When a friend receives the dreaded diagnosis that they have cancer, it can feel very daunting. Whenever someone has difficult news there can be times that we, as friends, are unsure how to talk to them about it. When someone you love has cancer there are no rules about what to say/not to say, and it can vary from person to person. However, here are some tips on how you can talk to someone who has cancer.
- This seems obvious however, you would be surprised by how many people find their own insecurities about saying the wrong thing. It can be so overwhelming that they end up avoiding the person. Not talking to the person at all is the worst thing you can do. When you are diagnosed with cancer it can be overwhelming and daunting. You can feel isolated and this is reinforced if those around you begin to avoid you. Keep talking to them.
- But what to talk about? Take their lead. People differ. Some people will want to talk about their feelings and fears, others will prefer to talk about anything but their diagnosis and, the majority of people, will fluctuate between the two. Take their lead by looking for cues, they openly talk about. What they are afraid of? Then ask them about it, comfort them. If they are being careful to avoid the subject, then don’t force it on them, talking about other topics is perfectly normal.
- They’re still them. Even though this huge diagnosis has descended upon them, the patient is still the friend they were before. It’s important to bring up conversations about the interests that they had at one point. What television programmes they watched? And remember, they still want to know about you too.
- Share your news. Moan about your husband, complain about the workload you have, rant about the parking situation at the supermarket. Your own annoyances are still important and your friend will want to hear them. It is refreshing and grounding for a cancer patient to still hear every day complaints from friends. They are normal people, who can still be spoken to in the same manner.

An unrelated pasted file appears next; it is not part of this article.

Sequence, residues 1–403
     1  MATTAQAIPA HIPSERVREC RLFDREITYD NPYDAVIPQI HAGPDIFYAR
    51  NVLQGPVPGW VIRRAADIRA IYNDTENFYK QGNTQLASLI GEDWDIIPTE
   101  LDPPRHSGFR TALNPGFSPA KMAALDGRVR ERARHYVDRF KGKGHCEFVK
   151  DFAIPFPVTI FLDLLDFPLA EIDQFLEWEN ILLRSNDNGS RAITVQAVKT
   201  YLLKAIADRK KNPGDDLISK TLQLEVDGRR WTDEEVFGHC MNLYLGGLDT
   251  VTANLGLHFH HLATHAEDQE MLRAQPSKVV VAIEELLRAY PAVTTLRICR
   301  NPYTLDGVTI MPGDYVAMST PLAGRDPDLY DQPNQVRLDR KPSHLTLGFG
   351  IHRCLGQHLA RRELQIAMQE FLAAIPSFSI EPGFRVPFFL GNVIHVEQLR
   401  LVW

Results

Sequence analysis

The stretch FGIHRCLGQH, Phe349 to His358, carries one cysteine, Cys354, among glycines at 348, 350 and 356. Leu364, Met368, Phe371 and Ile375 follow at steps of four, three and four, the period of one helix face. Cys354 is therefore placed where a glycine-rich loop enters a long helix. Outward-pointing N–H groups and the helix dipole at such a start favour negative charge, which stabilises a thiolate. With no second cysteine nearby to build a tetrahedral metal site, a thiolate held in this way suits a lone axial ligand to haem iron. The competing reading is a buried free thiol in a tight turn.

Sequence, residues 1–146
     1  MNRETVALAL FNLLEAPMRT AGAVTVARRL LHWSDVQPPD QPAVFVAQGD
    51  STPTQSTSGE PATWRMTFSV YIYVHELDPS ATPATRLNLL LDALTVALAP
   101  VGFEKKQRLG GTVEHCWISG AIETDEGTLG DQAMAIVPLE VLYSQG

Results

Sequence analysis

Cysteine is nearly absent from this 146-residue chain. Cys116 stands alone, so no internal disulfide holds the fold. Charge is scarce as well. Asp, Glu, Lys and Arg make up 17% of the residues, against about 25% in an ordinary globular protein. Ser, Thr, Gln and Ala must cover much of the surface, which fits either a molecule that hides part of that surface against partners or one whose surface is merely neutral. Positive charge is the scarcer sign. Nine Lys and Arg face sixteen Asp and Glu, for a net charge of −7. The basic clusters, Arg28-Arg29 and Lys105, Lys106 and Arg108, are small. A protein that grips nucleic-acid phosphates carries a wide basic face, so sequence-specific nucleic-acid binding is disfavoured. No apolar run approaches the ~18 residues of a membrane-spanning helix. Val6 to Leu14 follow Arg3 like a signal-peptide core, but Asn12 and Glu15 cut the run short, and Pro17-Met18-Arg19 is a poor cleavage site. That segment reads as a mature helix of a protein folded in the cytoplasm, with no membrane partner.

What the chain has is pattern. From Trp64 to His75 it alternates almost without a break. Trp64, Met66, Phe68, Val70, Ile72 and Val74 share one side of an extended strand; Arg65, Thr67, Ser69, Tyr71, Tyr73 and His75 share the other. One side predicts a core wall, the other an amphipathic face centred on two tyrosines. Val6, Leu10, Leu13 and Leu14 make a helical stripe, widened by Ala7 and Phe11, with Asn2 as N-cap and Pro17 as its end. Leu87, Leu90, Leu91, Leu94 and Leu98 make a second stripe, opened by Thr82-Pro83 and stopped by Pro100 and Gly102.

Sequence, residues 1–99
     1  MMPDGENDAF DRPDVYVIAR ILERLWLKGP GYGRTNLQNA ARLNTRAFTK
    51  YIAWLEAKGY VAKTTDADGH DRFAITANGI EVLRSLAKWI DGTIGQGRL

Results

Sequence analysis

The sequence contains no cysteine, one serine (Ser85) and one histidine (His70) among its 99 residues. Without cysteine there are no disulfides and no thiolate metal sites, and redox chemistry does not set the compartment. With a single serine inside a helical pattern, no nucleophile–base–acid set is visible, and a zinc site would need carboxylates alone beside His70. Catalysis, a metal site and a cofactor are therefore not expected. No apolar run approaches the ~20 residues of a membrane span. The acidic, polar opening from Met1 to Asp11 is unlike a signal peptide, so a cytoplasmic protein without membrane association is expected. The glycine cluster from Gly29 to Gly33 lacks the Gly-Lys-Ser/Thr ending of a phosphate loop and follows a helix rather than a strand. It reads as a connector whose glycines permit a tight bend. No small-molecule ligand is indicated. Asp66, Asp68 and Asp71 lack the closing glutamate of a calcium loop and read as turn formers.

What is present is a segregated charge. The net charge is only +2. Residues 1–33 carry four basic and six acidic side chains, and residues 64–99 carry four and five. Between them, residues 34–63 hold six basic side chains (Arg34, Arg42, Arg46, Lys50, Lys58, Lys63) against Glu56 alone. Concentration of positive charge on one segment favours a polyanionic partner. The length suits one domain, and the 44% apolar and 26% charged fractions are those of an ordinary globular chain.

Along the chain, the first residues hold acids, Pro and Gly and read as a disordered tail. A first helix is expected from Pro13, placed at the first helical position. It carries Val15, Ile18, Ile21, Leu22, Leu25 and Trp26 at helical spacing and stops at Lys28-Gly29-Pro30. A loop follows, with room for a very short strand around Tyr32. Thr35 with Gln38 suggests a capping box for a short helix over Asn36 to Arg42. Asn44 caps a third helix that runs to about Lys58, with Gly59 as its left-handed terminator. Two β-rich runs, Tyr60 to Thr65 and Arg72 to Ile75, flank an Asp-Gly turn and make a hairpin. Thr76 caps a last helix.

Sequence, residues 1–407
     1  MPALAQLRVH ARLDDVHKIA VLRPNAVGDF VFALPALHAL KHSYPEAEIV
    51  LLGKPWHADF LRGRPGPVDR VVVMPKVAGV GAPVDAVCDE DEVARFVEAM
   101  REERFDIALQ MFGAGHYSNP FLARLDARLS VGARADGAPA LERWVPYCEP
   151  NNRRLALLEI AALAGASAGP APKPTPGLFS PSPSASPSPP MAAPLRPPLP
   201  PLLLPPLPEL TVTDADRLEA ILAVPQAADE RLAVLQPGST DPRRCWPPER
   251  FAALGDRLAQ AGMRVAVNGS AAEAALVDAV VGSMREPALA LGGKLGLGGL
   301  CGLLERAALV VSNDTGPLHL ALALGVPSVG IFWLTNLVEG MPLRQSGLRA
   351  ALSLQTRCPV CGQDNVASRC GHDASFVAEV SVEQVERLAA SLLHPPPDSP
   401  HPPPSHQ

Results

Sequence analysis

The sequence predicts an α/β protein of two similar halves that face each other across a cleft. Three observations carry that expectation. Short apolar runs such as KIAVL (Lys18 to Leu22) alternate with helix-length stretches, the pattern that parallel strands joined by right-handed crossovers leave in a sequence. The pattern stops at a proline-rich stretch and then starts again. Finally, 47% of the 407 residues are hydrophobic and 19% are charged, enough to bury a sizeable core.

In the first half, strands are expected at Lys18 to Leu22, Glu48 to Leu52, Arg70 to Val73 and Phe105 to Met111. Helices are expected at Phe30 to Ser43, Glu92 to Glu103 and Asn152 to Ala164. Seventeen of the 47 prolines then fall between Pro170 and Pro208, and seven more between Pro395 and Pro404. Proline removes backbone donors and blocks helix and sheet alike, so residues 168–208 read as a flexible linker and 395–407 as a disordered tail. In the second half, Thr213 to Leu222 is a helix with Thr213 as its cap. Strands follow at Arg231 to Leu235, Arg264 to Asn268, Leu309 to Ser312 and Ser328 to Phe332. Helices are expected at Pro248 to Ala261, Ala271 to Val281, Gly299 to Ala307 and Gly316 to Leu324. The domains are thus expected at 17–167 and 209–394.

- Hold back the advice. A lot of the time when people open up about their fears, they want to do just that–– open up. They are not often asking for advice, just for someone to listen. Be careful that you don’t try to have a ready answer for everything that they say. Be even more careful not to compare your friend to someone else you knew who had cancer. “My friend had that chemotherapy and found it was awful.”
- Be there. Sometimes your loved one may not want to talk at all, but will still want your company. Just being there, sending a daily message to let them know you’re thinking of them, sitting watching the television together or having a walk in the park is perfect. You don’t need to force conversation. Letting your friend know you’re there for them and keeping the communication lines open is the most important thing you can do.
When someone you love has cancer, they need you in their lives still. You may find it difficult to know what to talk about, they may feel anxious about upsetting you. Be there for them, take their lead, remember that they are still who they always have been, talk to them about your own life and listen.